On May 10, 2006, a group of inmates approached Plaintiff about his ADA-1824 form request concerning issues about television closed-captioning and sports being shown on both televisions. Defendants C/O J. Amaya and C/O G. Gonzales watched as the inmates threatened Plaintiff by saying that if closed-captioning appeared on the televisions, Plaintiff would be hurt. Defendant Amaya sent Plaintiff to talk to Sgt. Alfaro in the support office about the ADA requests. Plaintiff told Sgt. Alfaro he wanted to withdraw his ADA requests, explaining that Defendant Amaya had told the inmates in Unit 640 about Plaintiff's ADA-1824 form, which is supposed to be a confidential document, causing Plaintiff's life to be threatened. Sgt. Alfaro told Plaintiff he wouldn't have granted the ADA requests anyway, and that if Plaintiff wanted to submit an ADA form again, he should consult with the inmate population first. Sgt. Alfaro said he would withdraw Plaintiff's ADA requests, and Plaintiff left the support office. When Plaintiff entered Unit 640, Defendant Amaya told Plaintiff, "If you bring any more ADA issues, I'll take it out on the general population." 2ACP at 5:25-26. Plaintiff continued to bring up ADA issues anyway.
Defendant Amaya, and other officers, manipulated inmates against Plaintiff, just as Amaya stated he would.
(2) Move from Unit 640 to Unit 650
On May 11, 2006, defendant C/O G. Gonzales told Plaintiff to pack his property and move from Unit 640 to Unit 650. The prisoners who wanted to harm Plaintiff were in Unit 650, which is called the Gladiator Dorm. Plaintiff asked defendant Gonzales more than once why he was being moved, and Gonzales responded, "Hurry and pack your stuff before count." 2ACP at 6:11. Plaintiff told Defendant Gonzales he was taking heat medication, and that there was a heat alert because the temperature was over 100 degrees. Defendant Gonzales opened the door, said "Let's go," and locked the door behind Plaintiff. 2ACP at 6:15. Plaintiff became dizzy from the heat and started yelling for help. No one came to the Unit 650 door until forty minutes later. Plaintiff was taken to the emergency room with heat stroke and high blood pressure.
(3) Medical Chrono, Fall on Pavement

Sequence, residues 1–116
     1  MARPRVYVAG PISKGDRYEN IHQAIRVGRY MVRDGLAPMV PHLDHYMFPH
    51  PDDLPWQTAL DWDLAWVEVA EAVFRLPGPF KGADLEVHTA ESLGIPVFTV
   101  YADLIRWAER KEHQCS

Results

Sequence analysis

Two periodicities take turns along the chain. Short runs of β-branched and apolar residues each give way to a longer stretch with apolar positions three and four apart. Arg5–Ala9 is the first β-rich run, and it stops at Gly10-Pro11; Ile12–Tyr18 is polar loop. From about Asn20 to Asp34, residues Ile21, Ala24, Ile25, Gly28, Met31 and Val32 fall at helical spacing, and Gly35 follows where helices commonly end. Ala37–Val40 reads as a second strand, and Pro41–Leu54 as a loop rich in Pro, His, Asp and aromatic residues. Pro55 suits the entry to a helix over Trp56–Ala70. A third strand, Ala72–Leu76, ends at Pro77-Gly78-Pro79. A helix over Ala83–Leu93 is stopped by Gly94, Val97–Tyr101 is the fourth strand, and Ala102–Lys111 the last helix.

Plaintiff had a medical chrono which allowed him to pick up his medication at 6:30 a.m. On August 19, 2006, defendant C/O G. Gonzales refused to honor Plaintiff's chrono. When Plaintiff told defendant Gonzales he needed to get his medication, Gonzales said, "It doesn't matter, this is the Captain's order." 2ACP at 7:10. Thirty minutes later, Plaintiff was released and barely made it in time to get the medication. Again on August 20, 2006, defendant Gonzales refused to honor Plaintiff's chrono. Plaintiff begged, but Gonzales said "No, you are not going anywhere!" 2ACP at 7:16. Defendant Gonzales had released all the other medication prisoners but had stopped Plaintiff and locked the Unit 640 doors. Forty minutes later, defendant Gonzales released Plaintiff. Plaintiff walked through the doors and became dizzy, fell in a hole in the pavement, and hit his head, injuring his neck and back. Plaintiff was in severe pain. Medical staff and an ambulance were called, and Plaintiff was taken to the emergency room at Unit 390.
Plaintiff also alleges that on several days, defendant Amaya refused to honor Plaintiff's medical chrono to pick up medication at 6:30 a.m.
Plaintiff also brings state tort claims against Defendants.
The Civil Rights Act under which this action was filed provides:
Every person who, under color of [state law] . . . subjects, or causes to be subjected, any citizen of the United States . . . to the deprivation of any rights, privileges, or immunities secured by the Constitution . . . shall be liable to the party injured in an action at law, suit in equity, or other proper proceeding for redress. 42 U.S.C. § 1983. "Section 1983 . . . creates a cause of action for violations of the federal Constitution and laws." Sweaney v. Ada County, Idaho, 119 F.3d 1385, 1391 (9th Cir. 1997) (internal quotations omitted). "To the extent that the violation of a state law amounts to the deprivation of a state-created interest that reaches beyond that guaranteed by the federal Constitution, Section 1983 offers no redress." Id.